Review: Assassination Classroom Volume 1
A powerful being with the head of a smiley face and an unknown number of tentacles blasts a hole in the moon and says he’ll do the same to the earth if humanity doesn’t stop him first. He makes a deal with the world’s leaders to become the teacher of Class 3-E from Kunugigaoka Junior High, where the students will be allowed to try to assassinate him by the school year’s end—as long as it doesn’t get in the way of their studies.
Review: Assassination Classroom Volume 1
By Yusei Matsui
Older Teen (16+)
Viz Media, December 2014; ISBN: 978-1421576077
192 pgs, $9.99 USD
Assassination Classroom is a manga series that for a long time fans didn’t think would ever be brought over from Japan due to the gun violence in schools it portrays in many chapters and the students’ attempts to kill their teacher. But Viz Media surprised everyone when it announced it had licensed the series last year. The series has done well, charting on the New York Times Bestseller List with each new volume and some even staying for several weeks. And with good reason; underneath the veneer of violence and comedy is a story about a bunch of misfit kids getting the attention they deserve.
The protagonist of the series is Nagisa, a boy who was transferred to Class 3-E seemingly after angering a teacher. It is through him that we meet the other students and learn more about their teacher “Koro Sensei.” Nagisa is quiet and likes to observe. He watches Koro Sensei and takes notes about his weaknesses. He is also the first student to realize that Koro Sensei actually cares about them. Class 3-E is known as the End Class: It is where all the “losers and rejects” from Kunugigaoka are sent. They are treated poorly by the teachers and other students and used as a reason for the regular students to work harder, so they won’t be sent there.
Each chapter features a student, usually with an attempt to kill Koro Sensei that fails. Koro Sensei then finds a way to help that student in some way. Sugino used to be on the baseball team before being sent to Class 3-E and tries to kill Koro Sensei with a baseball. Seeing Sugino depressed after the attempt, he learns that Sugino’s pitching had problems so he figures out what Sugino can do to improve. He helps another student, Okuda, realize that being good at chemistry isn’t enough, and that she needs to work on her communication skills as well to be successful in both science and assassination.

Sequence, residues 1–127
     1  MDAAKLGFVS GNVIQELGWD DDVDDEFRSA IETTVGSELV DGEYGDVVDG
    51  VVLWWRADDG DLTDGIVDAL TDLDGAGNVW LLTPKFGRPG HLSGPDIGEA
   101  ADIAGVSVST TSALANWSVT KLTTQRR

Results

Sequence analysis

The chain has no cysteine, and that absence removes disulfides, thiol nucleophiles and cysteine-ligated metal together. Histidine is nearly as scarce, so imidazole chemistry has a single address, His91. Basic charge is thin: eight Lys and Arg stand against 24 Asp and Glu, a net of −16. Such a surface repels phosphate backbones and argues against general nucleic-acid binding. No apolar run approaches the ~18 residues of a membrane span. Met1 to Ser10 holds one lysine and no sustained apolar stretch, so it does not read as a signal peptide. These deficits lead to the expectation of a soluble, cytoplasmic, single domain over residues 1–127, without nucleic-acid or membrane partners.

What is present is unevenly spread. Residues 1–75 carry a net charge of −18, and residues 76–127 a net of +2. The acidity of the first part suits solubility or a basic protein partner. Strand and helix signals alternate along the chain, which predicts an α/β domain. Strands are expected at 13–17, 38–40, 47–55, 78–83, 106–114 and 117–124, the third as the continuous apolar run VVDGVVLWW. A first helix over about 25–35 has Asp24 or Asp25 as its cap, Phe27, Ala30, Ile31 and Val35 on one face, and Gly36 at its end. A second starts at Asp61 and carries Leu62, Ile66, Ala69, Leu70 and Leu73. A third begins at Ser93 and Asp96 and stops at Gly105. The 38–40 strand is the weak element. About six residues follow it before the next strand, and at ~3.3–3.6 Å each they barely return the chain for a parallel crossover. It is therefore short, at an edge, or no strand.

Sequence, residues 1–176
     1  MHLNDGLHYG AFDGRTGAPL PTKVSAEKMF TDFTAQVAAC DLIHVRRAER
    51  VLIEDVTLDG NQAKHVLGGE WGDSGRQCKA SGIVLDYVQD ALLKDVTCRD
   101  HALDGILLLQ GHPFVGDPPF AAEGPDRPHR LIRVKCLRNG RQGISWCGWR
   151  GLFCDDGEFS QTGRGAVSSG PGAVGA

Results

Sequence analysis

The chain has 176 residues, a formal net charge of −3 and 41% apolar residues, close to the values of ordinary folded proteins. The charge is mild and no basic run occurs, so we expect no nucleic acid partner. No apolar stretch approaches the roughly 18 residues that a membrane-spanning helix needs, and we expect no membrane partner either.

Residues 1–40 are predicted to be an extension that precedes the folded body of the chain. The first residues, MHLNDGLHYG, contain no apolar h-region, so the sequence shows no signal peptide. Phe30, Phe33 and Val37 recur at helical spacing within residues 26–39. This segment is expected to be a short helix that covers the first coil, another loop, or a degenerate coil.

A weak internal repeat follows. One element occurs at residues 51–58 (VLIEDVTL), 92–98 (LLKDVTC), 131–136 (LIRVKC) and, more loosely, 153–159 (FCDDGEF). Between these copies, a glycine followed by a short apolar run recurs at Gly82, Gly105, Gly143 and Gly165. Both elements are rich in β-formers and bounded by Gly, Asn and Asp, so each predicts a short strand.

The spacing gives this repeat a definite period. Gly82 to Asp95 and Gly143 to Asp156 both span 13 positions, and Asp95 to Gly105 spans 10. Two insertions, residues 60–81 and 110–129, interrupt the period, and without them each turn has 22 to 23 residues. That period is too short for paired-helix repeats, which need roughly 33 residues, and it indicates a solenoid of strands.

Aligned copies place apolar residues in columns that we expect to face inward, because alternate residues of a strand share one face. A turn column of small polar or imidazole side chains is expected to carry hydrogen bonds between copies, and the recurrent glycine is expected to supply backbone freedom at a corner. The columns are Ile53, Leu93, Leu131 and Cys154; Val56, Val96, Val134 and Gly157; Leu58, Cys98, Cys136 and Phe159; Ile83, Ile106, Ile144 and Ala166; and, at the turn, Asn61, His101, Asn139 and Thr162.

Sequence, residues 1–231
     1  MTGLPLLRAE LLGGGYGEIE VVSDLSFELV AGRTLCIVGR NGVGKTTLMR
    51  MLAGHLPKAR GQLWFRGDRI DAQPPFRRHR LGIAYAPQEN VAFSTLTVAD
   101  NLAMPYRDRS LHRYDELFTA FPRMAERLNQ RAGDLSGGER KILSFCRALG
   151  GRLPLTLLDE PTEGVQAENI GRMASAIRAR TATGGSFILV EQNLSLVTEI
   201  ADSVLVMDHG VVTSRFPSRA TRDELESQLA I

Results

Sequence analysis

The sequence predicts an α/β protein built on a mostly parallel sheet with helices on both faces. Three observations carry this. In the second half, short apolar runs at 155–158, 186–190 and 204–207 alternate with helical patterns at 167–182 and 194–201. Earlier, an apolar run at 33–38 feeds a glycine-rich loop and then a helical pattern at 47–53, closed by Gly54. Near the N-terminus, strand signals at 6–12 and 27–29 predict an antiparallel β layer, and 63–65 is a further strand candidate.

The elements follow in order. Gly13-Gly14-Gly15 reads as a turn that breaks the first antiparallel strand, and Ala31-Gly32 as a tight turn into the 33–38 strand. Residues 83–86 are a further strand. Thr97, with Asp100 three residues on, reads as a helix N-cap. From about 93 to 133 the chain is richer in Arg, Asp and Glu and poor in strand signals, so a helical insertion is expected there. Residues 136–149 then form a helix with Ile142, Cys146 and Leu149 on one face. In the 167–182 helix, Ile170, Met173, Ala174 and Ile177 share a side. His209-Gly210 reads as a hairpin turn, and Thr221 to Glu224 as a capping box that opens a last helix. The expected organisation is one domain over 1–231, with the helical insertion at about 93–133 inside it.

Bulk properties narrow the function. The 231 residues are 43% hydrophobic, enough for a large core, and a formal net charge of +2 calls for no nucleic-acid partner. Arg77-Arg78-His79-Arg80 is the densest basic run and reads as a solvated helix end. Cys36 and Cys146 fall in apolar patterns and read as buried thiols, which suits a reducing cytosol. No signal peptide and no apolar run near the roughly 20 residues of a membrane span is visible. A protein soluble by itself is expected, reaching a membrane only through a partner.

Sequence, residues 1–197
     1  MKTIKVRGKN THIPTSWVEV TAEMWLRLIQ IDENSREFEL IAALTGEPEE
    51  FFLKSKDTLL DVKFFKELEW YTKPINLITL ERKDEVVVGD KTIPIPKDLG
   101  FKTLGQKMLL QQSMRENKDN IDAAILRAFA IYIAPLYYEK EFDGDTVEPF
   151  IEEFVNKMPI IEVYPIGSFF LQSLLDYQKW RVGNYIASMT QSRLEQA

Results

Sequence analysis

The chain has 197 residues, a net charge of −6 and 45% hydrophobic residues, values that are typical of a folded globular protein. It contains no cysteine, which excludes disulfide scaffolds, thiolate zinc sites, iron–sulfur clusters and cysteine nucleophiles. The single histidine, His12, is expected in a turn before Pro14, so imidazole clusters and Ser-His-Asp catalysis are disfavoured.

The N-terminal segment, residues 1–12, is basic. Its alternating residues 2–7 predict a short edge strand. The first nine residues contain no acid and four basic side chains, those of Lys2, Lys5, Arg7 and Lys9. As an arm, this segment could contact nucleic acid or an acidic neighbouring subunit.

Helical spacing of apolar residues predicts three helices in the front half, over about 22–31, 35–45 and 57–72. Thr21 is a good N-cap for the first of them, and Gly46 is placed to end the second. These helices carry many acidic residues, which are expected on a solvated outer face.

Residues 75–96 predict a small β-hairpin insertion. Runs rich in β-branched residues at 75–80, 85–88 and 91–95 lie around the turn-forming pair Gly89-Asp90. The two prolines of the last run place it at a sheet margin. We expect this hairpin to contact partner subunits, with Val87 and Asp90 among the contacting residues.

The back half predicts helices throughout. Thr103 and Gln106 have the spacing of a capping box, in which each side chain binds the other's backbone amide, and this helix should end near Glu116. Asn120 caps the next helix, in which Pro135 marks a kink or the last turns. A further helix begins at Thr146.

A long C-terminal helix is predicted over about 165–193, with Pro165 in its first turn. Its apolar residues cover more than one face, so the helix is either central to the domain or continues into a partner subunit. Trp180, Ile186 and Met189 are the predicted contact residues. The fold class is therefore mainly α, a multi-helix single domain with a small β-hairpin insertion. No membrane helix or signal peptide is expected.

Koro Sensei is a compelling character. He genuinely cares about the students and does whatever he can to help them learn. He gleefully encourages his students to try to kill him, but not at the expense of their education or each other. The first time the class sees Koro Sensei furious is when an assassination attempt also threatens a student’s life. He lauds them for the attempt, but then berates them for not thinking of their fellow student. No reason is given for why Koro Sensei wants to teach the class, but there is a short flashback of a being we can assume is Koro Sensei being asked to be a teacher, and he admits to Nagisa that he made a promise to someone to teach them. It’s just a tidbit of his backstory, but it’s tantalizing enough to make you want to learn more.
It can seem disturbing at times to see these students so upbeat about trying to kill the one person who really seems to care about them as people, and the series acknowledges it. Both Koro Sensei and Karasuma, from the Ministry of Defense, make it very clear, if they don’t succeed, the world is doomed, so they are motivated not by bloodlust, but a desire to protect their families, friends, and themselves. And the 10 Billion reward is just an added incentive.
Assassination Classroom was chosen as “Worst Graphic Novel for Kids” at ALA Annual Conference in San Francisco this year, but not for the reasons you would think. The series is rated for older teens, but the covers with their bright colors and smiling face might attract younger readers and parents who would associate with other titles that are rated for them. I’m glad that was the reason for making it a “worst” graphic novel, and not the story, which is very good.
With all the guns and violence in a classroom setting, one would think this series would have parents objecting to it, but surprisingly, there haven’t been any challenges to it that I could find. But then again, this isn’t a “Battle Royale” scenario. The kids are never in danger from either Koro Sensei, who has promised not to hurt them, or the weapons. They bb-guns and knifes are made from a special plastic that can only hurt Koro Sensei.
Assassination Classroom at its heart is an action comedy. Koro Sensei is more goofy than serious as a villain, and the kids are portrayed as screw-ups. But it’s the connection that Koro Sensei makes with the kids, by really caring about them and helping them to learn and be better, whether it’s at communicating or assassinating, that makes this series really shine. When everyone else has given up on these kids, it’s the superpowered, tentacled weirdo who shows them they are worth something, and sometimes that all that is needed for kids to excel.
Filed under: Manga
About Lori Henderson
Lori Henderson is a mother of two teenage daughters and an avid reader. She blogs about manga at her personal blog Manga Xanadu as well as contributing and editing for Manga Village. She blogs about all things fandom (mainly Doctor Who) at her other personal blog Fangirl Xanadu. She's been at it so for over 5 years now and counting!
SLJ Blog Network